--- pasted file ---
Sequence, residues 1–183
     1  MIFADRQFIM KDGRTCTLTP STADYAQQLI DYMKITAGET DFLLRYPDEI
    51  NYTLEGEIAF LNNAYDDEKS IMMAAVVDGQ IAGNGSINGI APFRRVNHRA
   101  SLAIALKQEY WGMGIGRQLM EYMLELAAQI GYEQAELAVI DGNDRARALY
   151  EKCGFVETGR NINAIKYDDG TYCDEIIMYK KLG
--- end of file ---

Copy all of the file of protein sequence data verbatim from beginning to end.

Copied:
Sequence, residues 1–183
     1  MIFADRQFIM KDGRTCTLTP STADYAQQLI DYMKITAGET DFLLRYPDEI
    51  NYTLEGEIAF LNNAYDDEKS IMMAAVVDGQ IAGNGSINGI APFRRVNHRA
   101  SLAIALKQEY WGMGIGRQLM EYMLELAAQI GYEQAELAVI DGNDRARALY
   151  EKCGFVETGR NINAIKYDDG TYCDEIIMYK KLG